JUNEAU, Alaska (AP) — A member of Alaska Gov. Mike Dunleavy’s Cabinet resigned Thursday amid accusations he lied about his business background.
Department of Administration Commissioner Jonathan Quick tendered his resignation — even after the governor’s office stood behind him — saying he didn’t want to become a distraction.
In his resignation letter, Quick said he refutes some of the claims made against him, but did not go into detail on what claims he’s referencing. Earlier in the day, he clarified comments he made during his confirmation hearing.
During Tuesday’s hearing, Democratic Sen. Bill Wielechowski asked when Quick sold his ownership interest in Seattle-area coffee and frozen yogurt businesses, Anthem Coffee and Tea and Elements Frozen Yogurt, and who his co-investors were. Quick said he believed it was in 2014 and the other party was a private party, “a friend from high school.”
On his resume, Quick said he developed business and brand and marketing plans, hired and trained staff and helped recruit investors and capital for the businesses.
In a letter to senators dated Wednesday, Janie Reynolds said she and her husband have been the only owners of Anthem Coffee and Tea and Elements Frozen Yogurt. She said no one beside her and her husband has had any percentage of ownership.
She said Quick may have offered suggestions but did not conceptualize the business plan. She labeled as false the resume language about recruiting investors and capital.
“No one invested in our company,” she wrote. “All capital sources were applied for and secured by me.”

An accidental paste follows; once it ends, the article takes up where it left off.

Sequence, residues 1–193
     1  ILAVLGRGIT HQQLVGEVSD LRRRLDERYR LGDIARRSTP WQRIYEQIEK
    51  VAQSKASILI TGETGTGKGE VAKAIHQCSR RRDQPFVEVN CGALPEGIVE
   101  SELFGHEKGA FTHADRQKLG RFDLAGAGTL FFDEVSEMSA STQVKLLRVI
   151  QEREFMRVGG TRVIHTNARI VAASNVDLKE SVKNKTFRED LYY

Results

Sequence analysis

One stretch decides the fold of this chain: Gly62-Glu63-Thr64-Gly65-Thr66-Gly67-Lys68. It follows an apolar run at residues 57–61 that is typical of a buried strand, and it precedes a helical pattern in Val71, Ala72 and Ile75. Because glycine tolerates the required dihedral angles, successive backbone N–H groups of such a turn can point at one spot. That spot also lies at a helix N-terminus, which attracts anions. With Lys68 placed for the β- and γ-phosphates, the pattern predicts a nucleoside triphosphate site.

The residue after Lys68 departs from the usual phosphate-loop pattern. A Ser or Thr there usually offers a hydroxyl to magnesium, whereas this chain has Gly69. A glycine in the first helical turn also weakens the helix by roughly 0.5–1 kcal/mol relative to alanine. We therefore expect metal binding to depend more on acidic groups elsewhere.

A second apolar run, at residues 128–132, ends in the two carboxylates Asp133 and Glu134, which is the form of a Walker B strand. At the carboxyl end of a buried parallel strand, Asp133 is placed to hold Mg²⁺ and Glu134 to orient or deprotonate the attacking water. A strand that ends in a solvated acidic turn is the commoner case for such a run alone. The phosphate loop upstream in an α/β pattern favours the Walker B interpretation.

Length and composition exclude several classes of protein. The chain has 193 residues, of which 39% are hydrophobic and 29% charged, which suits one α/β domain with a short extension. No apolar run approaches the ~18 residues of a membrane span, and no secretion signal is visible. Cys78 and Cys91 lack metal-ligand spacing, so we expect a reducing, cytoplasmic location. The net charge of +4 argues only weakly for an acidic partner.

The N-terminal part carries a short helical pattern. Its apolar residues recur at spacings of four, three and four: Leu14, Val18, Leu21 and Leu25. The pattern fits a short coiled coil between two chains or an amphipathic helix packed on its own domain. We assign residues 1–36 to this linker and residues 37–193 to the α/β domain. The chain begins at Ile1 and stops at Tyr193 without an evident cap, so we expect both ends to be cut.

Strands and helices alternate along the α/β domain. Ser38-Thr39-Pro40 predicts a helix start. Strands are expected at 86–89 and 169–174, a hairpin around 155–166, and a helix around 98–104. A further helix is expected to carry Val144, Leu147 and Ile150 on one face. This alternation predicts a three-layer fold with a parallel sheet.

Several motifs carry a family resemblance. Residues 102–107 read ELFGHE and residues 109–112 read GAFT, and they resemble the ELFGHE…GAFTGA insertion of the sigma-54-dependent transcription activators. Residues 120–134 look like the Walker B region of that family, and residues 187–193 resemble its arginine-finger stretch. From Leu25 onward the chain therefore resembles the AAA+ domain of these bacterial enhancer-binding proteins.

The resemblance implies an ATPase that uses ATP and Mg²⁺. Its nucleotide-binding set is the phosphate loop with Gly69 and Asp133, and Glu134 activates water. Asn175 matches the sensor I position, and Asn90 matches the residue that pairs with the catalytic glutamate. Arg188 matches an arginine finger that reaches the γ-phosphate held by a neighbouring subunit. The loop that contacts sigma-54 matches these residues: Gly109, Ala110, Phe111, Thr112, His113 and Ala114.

Quick was hired in 2011 to organize their family business but was fired after a year, she wrote. Quick hoped to be part of the ownership “and would verbalize it as his reality,” she wrote, adding that she declined his requests to put him into part ownership.
Quick said Thursday he had verbally entered into an “equity-stake business venture” with the Reynolds family in 2011. As the businesses grew, he said it became clear the verbal agreement would not lead to a written one and they parted ways.
Messages left for Quick and Reynolds Thursday were not returned.
Quick said he should have clarified that he parted ways with the company, rather than sold an ownership stake. He said his affiliation with the businesses ended in 2012.
“I sincerely apologize for stating this incorrect information and thank you for the opportunity to respond,” he wrote to senators.
Hours later, he resigned.
Dunleavy named Paula Vrana as acting commissioner.
The Department of Administration provides centralized administrative services to state agencies dealing with things such as labor relations, leasing of space and retirement and benefits programs. The public defender agency and Division of Motor Vehicles are among the agencies that fall under the department.
During a news conference before Quick resigned, Wielechowski said he expected a truthful answer from Quick when he asked his question.
He said if Quick were any other state employee, “he would probably be terminated for that action.” A message seeking comment was left with Wielechowski’s office later Thursday.
Meanwhile, a man who came under scrutiny for racially charged and misogynistic social media comments won’t be taking a job with the Department of Administration. Dunleavy spokesman Matt Shuckerow said late Thursday that the department informed Dunleavy’s office that Art Chance “declined to accept his offer of employment today.”
“This decision is for the best,” Dunleavy said in a statement.
Chance faced scrutiny for Facebook comments about minorities and women, including Democratic presidential hopeful California Sen. Kamala Harris. Posts from Chance were first highlighted by The Alaska Landmine political blog.
A message seeking comment was left for Chance on Thursday.
Chance posted on Facebook Tuesday that he had accepted a policy post in the Department of Administration. That post did not mention a start date. The state online employee directory didn’t list Chance Thursday.
Shuckerow had previously said a review was being conducted “given the seriousness of these posts.”